# Why this torque is not considered into the virtual work principle equation?

In the picture above you can see a SCARA robot, with its end effector (the point x,y). The torques c_a and c_b are the ones of the motors in the joints, while f is an external force. My teacher has written the virtual work principle equation (for the static case) without considering the opposite c_b torque acting on the first link (the red one, which I drew). My question is why? They are internal torques but are on two different links that also have different virtual angular displacement, so I think we have to consider it.

## 1 Answer

Work done is related to motion, which usually results in change of positions. In your picture the rotation of the arms produces positive work, if a counter C_b is added, it means partial work is negated, since C_B + (-C_b) = 0.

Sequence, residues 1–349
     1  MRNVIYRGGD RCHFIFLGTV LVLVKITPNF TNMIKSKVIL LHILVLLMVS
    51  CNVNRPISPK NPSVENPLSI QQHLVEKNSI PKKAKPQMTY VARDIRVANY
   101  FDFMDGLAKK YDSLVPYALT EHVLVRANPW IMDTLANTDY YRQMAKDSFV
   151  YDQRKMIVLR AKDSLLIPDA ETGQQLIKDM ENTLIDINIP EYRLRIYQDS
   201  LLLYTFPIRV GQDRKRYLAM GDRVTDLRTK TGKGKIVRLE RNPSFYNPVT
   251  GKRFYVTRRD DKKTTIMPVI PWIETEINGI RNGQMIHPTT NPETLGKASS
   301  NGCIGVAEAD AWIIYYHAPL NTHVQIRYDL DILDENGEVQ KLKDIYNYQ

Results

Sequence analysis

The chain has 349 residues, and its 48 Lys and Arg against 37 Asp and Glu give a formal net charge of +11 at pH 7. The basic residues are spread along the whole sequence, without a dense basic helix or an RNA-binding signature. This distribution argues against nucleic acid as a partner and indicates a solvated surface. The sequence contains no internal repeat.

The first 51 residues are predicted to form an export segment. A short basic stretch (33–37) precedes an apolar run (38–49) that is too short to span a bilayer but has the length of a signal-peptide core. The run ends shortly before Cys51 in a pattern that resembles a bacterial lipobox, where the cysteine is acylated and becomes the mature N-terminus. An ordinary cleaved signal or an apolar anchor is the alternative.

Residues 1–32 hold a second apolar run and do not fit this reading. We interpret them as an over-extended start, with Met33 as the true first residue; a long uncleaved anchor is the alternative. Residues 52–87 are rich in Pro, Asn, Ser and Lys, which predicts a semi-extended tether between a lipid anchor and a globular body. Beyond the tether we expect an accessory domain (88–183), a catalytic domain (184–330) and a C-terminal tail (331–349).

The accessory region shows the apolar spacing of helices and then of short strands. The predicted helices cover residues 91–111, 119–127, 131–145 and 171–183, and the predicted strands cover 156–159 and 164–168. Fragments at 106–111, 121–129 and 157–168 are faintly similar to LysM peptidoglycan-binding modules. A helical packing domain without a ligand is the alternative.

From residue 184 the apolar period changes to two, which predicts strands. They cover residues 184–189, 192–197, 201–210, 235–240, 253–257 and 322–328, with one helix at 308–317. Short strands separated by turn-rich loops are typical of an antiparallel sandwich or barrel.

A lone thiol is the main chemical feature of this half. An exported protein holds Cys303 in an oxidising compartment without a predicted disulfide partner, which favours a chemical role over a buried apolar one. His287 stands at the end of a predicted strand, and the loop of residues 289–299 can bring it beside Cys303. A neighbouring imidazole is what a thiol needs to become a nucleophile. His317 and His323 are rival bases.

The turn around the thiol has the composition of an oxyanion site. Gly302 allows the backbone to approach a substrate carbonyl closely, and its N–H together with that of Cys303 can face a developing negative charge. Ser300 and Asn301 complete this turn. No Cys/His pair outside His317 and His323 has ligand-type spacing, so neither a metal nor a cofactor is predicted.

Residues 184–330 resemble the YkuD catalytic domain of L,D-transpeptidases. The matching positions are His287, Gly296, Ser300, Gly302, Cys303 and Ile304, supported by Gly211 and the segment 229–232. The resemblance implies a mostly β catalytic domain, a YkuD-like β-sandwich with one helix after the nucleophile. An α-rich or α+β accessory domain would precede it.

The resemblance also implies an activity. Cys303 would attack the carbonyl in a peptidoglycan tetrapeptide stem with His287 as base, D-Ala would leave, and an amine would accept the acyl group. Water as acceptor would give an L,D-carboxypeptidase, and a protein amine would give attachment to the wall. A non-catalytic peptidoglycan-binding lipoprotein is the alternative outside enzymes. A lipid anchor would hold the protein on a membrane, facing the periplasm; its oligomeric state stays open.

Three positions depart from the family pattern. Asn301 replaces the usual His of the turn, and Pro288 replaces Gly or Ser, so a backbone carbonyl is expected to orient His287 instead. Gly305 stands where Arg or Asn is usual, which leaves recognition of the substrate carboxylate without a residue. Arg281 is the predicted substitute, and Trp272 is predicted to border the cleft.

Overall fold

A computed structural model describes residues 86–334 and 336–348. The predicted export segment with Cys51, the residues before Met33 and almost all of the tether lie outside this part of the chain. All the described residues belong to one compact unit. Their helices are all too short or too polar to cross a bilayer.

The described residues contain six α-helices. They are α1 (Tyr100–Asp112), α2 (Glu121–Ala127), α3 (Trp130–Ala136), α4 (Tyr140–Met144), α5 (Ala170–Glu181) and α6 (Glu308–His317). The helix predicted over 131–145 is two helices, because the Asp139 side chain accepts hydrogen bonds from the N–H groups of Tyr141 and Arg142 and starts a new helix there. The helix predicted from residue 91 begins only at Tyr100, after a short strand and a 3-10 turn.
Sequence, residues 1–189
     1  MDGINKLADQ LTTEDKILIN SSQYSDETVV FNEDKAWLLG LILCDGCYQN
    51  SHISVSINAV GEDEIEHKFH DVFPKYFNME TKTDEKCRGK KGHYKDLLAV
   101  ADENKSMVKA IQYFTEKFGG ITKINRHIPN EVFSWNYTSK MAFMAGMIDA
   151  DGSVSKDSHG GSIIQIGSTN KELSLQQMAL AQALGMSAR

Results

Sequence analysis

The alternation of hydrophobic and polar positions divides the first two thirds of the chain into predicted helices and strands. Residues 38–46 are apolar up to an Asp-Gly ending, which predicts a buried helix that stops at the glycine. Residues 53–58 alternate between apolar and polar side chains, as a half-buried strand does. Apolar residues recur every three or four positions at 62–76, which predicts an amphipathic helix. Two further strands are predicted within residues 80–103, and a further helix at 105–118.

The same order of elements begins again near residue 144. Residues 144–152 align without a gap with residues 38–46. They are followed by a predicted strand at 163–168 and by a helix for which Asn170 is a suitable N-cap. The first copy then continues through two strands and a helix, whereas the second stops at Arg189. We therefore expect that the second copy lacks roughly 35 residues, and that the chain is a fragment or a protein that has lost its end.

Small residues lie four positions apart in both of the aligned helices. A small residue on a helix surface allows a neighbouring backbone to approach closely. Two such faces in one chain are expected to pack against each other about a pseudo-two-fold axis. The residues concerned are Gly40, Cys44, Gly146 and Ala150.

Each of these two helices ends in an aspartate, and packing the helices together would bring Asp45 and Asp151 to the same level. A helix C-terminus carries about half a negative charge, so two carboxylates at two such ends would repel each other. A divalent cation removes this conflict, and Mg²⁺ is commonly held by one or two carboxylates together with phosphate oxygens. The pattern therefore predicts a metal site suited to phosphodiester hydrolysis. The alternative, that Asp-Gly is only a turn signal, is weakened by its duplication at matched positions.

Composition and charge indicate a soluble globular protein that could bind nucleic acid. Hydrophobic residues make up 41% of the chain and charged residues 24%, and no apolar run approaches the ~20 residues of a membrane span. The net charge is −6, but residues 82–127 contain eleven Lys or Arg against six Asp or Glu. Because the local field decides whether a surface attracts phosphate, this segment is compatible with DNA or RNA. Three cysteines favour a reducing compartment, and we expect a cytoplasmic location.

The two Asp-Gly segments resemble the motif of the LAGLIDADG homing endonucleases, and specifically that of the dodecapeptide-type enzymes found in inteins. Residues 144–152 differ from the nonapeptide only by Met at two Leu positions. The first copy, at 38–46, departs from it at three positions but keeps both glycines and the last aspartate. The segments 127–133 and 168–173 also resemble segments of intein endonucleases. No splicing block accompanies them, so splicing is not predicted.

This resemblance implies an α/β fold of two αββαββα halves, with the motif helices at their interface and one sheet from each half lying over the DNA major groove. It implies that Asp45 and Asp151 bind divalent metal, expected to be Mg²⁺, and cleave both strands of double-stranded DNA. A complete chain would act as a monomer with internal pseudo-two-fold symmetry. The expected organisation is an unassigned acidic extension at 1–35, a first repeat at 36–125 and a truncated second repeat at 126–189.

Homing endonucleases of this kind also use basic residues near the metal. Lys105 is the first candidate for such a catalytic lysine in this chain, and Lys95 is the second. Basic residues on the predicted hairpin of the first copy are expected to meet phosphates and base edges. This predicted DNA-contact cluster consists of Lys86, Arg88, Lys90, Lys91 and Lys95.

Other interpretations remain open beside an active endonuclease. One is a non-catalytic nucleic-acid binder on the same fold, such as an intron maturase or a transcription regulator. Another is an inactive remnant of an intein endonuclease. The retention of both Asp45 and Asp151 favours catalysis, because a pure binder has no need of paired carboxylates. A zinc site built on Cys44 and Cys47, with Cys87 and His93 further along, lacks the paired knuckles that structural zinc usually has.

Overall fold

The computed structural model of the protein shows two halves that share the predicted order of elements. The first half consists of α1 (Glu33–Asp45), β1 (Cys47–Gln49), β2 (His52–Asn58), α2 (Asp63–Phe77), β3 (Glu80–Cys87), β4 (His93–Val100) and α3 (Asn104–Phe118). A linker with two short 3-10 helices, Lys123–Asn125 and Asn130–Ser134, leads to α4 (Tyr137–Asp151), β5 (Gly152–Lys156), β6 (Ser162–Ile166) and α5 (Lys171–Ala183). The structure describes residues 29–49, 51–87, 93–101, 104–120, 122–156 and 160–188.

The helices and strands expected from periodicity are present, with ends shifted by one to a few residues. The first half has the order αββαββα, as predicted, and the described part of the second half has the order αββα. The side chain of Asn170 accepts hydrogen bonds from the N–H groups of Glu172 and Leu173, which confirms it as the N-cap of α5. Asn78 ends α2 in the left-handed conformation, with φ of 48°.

• You're saying the teacher was incorrect to neglect the counter-torque? Is there an approximation in which that might be reasonable? Commented Mar 1, 2021 at 13:40
• I stated that your teacher is correct. There works are done by the two arms in motion only.
– r13
Commented Mar 1, 2021 at 16:18
• The word "counter" in my response was a mistake, as the c_b in red rotates in the same direction as the c_b in black. If it is included in the calculation, it means the total work equals to c_a + 2c_b, which does not make sense, unless the upper arm has changed position twice.
– r13
Commented Mar 1, 2021 at 17:03